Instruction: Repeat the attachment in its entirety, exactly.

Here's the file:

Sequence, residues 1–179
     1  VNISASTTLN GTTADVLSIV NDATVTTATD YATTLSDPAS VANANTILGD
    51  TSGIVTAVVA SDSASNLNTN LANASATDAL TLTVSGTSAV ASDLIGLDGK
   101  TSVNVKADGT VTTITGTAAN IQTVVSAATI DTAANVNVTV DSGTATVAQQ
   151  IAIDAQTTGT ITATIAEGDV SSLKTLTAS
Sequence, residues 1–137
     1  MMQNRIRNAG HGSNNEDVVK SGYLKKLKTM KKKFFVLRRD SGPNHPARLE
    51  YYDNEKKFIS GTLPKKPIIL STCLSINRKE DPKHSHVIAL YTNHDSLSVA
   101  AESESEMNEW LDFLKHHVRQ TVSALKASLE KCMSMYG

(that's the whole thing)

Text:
Sequence, residues 1–179
     1  VNISASTTLN GTTADVLSIV NDATVTTATD YATTLSDPAS VANANTILGD
    51  TSGIVTAVVA SDSASNLNTN LANASATDAL TLTVSGTSAV ASDLIGLDGK
   101  TSVNVKADGT VTTITGTAAN IQTVVSAATI DTAANVNVTV DSGTATVAQQ
   151  IAIDAQTTGT ITATIAEGDV SSLKTLTAS
Sequence, residues 1–137
     1  MMQNRIRNAG HGSNNEDVVK SGYLKKLKTM KKKFFVLRRD SGPNHPARLE
    51  YYDNEKKFIS GTLPKKPIIL STCLSINRKE DPKHSHVIAL YTNHDSLSVA
   101  AESESEMNEW LDFLKHHVRQ TVSALKASLE KCMSMYG